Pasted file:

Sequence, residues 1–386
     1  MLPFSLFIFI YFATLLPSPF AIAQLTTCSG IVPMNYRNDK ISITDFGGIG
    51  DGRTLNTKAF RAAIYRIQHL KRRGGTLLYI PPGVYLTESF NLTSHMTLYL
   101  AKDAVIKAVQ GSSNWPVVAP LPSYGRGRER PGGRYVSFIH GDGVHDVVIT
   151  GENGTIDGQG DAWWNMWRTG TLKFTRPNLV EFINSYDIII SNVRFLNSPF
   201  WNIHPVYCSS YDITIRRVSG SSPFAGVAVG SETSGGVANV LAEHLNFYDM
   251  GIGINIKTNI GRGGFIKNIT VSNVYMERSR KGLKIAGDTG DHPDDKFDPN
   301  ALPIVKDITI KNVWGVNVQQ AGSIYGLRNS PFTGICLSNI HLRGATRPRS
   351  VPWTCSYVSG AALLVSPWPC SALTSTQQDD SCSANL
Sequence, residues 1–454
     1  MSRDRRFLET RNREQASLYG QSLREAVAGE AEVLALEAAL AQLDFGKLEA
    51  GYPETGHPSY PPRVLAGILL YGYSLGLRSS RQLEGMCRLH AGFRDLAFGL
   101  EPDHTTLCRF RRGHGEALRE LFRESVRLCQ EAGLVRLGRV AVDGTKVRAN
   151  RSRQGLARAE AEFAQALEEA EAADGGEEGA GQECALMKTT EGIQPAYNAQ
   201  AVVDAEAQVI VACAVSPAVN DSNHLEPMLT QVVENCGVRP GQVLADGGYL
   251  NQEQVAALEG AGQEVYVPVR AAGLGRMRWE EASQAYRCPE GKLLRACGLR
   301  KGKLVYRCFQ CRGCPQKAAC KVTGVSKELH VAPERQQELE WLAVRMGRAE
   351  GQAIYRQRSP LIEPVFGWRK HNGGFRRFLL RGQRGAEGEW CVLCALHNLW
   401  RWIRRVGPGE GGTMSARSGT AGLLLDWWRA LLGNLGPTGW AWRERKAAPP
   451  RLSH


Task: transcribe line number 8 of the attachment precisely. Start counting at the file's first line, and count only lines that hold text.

   301  ALPIVKDITI KNVWGVNVQQ AGSIYGLRNS PFTGICLSNI HLRGATRPRS